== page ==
Shannon Bolithoe : A Writing Life


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Battle of Passchendaele (Third Battle of Ypres)


An important part of “Until the Rivers Run Still” is set during the Battle of Passchendaele. This is where Jo’s life is changed forever.

The Battle of Passchendaele (Third Battle of Ypres) was a major campaign of the First World War, fought by the Allies against the German Empire. The battle took place on the Western Front, from July to November 1917, for control of the ridges south and east of the Belgian city of Ypres in West Flanders. Passchendaele lay on the last ridge east of Ypres, 5 miles (8.0 km) from a railway junction at Roulers, which was vital to the supply system of the German 4th Army. The next stage of the Allied plan was to advance to Thourout–Couckelaere, to close the German-controlled railway running through Roulers and Thourout.

Further operations and a British supporting attack along the Belgian coast from Nieuwpoort, combined with Operation Hush (an amphibious landing), were to have reached Bruges and then the Dutch frontier. The resistance of the 4th Army, unusually wet weather, the onset of winter and the diversion of British and French resources to Italy, following the Austro-German victory at the Battle of Caporetto (24 October – 19 November), enabled the Germans to avoid a general withdrawal, which had seemed inevitable in early October. The campaign ended in November, when the Canadian Corps captured Passchendaele, apart from local attacks in December and the new year. In 1918, the Battle of the Lys and the Fifth Battle of Ypres were fought before the Allies occupied the Belgian coast and reached the Dutch frontier.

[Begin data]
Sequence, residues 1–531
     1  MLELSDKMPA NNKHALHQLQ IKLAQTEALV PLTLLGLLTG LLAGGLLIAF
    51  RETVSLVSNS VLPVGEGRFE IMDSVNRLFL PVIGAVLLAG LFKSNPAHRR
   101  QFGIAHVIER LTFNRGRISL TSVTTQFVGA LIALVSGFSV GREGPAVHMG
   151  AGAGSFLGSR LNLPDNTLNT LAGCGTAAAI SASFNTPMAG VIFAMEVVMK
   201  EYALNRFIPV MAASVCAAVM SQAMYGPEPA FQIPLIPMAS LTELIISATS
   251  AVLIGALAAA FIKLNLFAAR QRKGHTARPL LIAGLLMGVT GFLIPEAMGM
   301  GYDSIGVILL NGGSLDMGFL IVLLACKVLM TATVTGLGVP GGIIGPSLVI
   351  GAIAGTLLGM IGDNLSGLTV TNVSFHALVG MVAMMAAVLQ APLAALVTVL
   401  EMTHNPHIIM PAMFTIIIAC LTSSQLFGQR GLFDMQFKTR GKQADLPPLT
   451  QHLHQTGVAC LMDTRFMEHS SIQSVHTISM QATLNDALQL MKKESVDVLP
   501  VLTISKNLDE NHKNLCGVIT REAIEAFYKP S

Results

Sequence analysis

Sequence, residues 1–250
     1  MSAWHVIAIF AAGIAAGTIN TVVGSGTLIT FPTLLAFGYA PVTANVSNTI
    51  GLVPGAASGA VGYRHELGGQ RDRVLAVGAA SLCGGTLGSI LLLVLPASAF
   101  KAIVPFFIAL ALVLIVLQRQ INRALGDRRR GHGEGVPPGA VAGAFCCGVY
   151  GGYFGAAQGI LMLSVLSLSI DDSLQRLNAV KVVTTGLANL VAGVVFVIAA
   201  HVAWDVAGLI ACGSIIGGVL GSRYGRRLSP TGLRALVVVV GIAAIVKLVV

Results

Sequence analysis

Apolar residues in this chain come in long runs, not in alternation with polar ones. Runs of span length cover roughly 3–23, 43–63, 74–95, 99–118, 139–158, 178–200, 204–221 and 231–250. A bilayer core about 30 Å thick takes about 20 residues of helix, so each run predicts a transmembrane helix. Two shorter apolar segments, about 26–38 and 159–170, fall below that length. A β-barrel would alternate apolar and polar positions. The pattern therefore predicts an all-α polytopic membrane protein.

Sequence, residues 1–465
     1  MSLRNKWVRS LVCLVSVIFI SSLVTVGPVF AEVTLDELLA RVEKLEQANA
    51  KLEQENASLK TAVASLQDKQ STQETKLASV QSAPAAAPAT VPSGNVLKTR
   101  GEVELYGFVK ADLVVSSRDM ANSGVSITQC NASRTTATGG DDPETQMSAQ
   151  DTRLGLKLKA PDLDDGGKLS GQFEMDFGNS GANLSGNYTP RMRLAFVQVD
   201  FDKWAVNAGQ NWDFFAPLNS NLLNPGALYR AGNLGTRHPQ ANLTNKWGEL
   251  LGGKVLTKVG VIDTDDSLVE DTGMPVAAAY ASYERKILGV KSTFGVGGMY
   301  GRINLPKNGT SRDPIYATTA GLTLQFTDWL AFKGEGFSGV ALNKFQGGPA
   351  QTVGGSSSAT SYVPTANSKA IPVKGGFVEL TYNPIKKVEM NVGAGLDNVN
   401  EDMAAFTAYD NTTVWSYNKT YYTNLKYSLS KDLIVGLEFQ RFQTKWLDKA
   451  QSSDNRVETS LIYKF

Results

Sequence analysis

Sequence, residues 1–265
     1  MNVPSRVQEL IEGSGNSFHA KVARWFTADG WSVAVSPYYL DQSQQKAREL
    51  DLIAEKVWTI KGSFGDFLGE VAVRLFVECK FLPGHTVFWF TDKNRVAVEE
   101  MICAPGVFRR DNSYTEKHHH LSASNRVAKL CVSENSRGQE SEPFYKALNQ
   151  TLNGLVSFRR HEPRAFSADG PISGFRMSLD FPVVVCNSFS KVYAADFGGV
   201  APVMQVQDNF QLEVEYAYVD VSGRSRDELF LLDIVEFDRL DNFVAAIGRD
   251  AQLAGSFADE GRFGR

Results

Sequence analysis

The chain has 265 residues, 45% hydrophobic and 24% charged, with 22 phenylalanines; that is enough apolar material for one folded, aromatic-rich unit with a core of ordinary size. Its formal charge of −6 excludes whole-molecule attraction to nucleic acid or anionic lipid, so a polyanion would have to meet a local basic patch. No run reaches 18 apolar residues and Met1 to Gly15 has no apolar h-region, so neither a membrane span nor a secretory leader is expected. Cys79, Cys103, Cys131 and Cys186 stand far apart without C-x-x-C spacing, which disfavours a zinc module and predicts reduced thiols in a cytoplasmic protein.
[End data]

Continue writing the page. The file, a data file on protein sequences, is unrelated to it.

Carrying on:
The campaign in Flanders was controversial in 1917 and has remained so. The British Prime Minister, David Lloyd George, opposed the offensive, as did General Ferdinand Foch the French Chief of the General Staff. Field Marshal Sir Douglas Haig, commanding the British Expeditionary Force (BEF), did not receive approval for the Flanders operation from the War Cabinet until 25 July. Matters of dispute by the participants, writers and historians since the war, have included the wisdom of pursuing an offensive strategy in the wake of the Nivelle Offensive, rather than waiting for the arrival of the American Expeditionary Force (AEF) in France.


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Potijze Chateau

The Potijze Chateau was used as a casualty clearing station near Ypres. Jo and George from “Until the Rivers Run Still” were treated there. The soldiers who didn’t survive were buried in the woods and lawn outside the Chateau, and remain there today. 


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How to make sure the language in your historical #fantasy novel is period-accurate | Lauren Davis for i09 | craft, historical, #writing

How to make sure the language in your historical #fantasy novel is period-accurate | Lauren Davis for i09 | craft, historical, #writing
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How to Set a Novel in an Unfamiliar Location | WritersDigest.com

For a fiction writer, weaving a real historical incident into my narrative posed an interesting challenge. Here’s what you should know.
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When writing a historical fiction for your novel, you might not need as many facts as you think!

When writing a historical fiction for your novel, you might not need as many facts as you think! 

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Creative Inspiration For Writing Historical Fiction

There’s a joke I’ve seen on Pinterest, a cartoon of a writer watching TV. The character says, “I’m researching!” to the cynical-looking people standing nearby. For those of us who write fiction, we know that watching TV or movies, listening to music, or going for walks really is research because all of it becomes part…